Gigs Tomorrow: EMIT in London GHAST in Cardiff – Saturday 4 August 2012

Emit are playing live for the first time with US headliner Panther Modern at Ryan’s Bar, London. MORE DETAILS.

Ghast are playing the Full Moon in Cardiff at 8pm. GIG PAGE.


[Updated] Emit to Perform Live in London – August 4 2012 – Support from T.O.M.B. Member


4th August, 2012
£5 Entry, Doors 8pm, Live acts promptly 8.30 till 11, DJs till later

Ryan’s Bar
181 Stoke Newington Church St, London, N16 0UL
Google Map


Emit (Hammemit) will appear live for the first time in London on August 4th! The performance will be improvised by Unknown I, who is joined for this event by Antinomian (Subvertio Deus) as second guitarist.

Panther Modern‘s B.Z. (also part of recent T.O.M.B. recordings) is flying in from the US to spread black noise darkness!

Details are still being finalised, this post will be updated with a venue and other support acts as they are confirmed.

Emit and Hammemit Lyrics Available

M.M. has made available lyrics to select Emit & Hammemit material including the Todestrieb released Nature Mystic. Also available are lyrics from the split with Vrolok and A Sword of Death for the Prince.

Here are lyrics to two songs from the Mysteries of the Church and Surrounding Environs side of Nature Mystic:

Dreamstate Hagioscope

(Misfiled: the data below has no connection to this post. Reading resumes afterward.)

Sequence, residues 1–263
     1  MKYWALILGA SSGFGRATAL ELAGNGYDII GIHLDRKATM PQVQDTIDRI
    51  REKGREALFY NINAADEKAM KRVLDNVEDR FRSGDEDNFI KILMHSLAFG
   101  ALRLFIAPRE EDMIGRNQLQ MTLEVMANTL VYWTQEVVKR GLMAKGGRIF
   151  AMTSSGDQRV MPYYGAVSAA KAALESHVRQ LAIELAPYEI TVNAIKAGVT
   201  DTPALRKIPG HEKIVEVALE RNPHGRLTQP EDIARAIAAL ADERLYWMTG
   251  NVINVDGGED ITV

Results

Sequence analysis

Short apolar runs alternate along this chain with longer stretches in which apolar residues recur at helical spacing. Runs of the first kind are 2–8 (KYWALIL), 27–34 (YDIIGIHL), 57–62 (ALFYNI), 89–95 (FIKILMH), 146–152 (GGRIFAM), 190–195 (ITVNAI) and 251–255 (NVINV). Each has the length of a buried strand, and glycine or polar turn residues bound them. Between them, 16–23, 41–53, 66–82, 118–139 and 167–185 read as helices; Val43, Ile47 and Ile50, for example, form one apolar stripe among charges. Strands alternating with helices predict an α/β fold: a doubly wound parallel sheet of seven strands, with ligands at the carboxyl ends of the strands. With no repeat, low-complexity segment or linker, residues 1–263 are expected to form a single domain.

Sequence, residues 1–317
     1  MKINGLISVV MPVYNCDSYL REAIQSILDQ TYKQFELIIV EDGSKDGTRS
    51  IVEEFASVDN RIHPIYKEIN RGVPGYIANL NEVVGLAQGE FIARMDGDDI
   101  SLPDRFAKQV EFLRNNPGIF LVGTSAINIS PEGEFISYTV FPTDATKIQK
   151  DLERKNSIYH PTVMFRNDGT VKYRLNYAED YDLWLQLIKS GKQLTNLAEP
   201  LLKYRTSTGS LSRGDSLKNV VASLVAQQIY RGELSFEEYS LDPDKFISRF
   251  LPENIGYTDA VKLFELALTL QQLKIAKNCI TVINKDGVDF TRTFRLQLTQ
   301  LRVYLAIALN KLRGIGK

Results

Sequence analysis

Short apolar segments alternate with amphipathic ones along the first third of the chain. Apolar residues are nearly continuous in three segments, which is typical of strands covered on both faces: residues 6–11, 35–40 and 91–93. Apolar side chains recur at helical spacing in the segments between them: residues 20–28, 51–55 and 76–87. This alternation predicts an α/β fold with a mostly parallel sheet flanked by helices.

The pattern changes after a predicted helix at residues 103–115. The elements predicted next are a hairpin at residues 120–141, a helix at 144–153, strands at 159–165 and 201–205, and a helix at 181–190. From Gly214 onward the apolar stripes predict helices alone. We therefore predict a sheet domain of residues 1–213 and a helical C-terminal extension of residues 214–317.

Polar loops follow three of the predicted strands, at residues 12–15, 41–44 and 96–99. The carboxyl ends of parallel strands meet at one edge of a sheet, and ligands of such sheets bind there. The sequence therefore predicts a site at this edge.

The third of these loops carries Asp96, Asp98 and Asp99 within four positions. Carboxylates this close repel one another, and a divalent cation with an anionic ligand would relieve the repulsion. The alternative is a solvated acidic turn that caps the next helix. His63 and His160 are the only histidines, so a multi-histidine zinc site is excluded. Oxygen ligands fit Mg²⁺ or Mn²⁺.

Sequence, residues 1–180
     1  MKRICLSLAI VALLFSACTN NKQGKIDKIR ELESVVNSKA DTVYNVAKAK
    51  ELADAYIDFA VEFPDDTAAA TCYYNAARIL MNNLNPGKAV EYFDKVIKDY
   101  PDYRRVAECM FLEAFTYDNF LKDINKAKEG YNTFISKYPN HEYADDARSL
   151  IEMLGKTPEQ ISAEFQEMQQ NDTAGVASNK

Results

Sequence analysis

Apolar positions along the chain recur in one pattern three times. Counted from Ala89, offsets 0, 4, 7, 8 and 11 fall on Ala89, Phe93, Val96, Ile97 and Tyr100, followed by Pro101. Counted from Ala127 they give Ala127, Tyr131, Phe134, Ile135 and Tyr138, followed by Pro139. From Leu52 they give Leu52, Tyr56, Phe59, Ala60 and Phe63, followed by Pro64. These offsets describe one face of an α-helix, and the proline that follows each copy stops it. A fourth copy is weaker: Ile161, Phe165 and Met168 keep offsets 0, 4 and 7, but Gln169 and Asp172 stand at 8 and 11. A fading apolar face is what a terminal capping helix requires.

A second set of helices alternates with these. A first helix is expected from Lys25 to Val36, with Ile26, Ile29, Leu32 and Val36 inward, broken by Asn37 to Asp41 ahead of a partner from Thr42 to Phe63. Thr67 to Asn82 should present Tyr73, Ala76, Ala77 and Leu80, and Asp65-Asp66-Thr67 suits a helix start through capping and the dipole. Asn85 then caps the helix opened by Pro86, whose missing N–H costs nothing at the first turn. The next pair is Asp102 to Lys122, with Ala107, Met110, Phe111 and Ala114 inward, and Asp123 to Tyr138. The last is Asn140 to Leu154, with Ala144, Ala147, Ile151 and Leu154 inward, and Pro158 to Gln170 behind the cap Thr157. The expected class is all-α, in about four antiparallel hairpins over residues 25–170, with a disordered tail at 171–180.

Images only seen in woodcuts are come alive
Breathing frescoes fresh with blood
Deep sounds that resonate from afar
A sermon of centuries ago witnessed in sleep
Old voices speak the words of God
Not so distant anymore…

Beneath the Ancient Dust

Centuries, centuries fell there
The pressing weight of years
Oppression of lifetimes, generations
A cloud of unknowledge obscures
Where men of old dug graves on fresh parchment
Opening mysteries with strokes of the quill
Words wept with joy as the ink dried
Beneath the ancient dust (a promise of Death)
An answer to my prayers

More lyrics available here

Incoming: Emit Restocks

The following Emit releases will be available again soon (before the end of the month)

Vrolok/Emit – Pestilence 1440 / The Divine Eye LP Edition (CD version here)

Emit – The Dark Gods tape

Emit – …A Vision of 1682 tape

Emit – A Sword of Death for the Prince CD

Related to Emit, an Ante Cryst (lineup included MM) demo has been made available exclusively from Hammemit. Youtube Sample. To purchase: contact_emit(at)hotmail(dot)com

Review: Hammemit – Spires Over the Burial Womb

Review by: Meriel Longmore
Review score: 5/5

“Spires Over the Burial Womb” is the debut release for HAMMEMIT; the new identity of UK Black Noise project EMIT; though now featuring additional members to the enigmatic U.I./Malachi. Released by the well-respected label Total Holocaust Records (a personal favourite of mine), this is a truly stunning album, steeped in confounding mystery and evoking a morbidly religious Medieval atmosphere. After following EMIT for a number of years I was keen to hear the difference in direction that inspired the name change to HAMMEMIT, and I have to say that the album is perhaps the most consistent and effective to date. Whereas EMIT are in a similar vein to ABRUPTUM (although undeniably superior to ABRUPTUM), HAMMEMIT is totally fresh and individual. After many productive years in existence for EMIT, “Spires Over the Burial Womb” is a superlative work that takes the band to a higher level of evolution. The name change to HAMMEMIT does make perfect sense when considering that this album is clearly marking out a new phase of creative invention.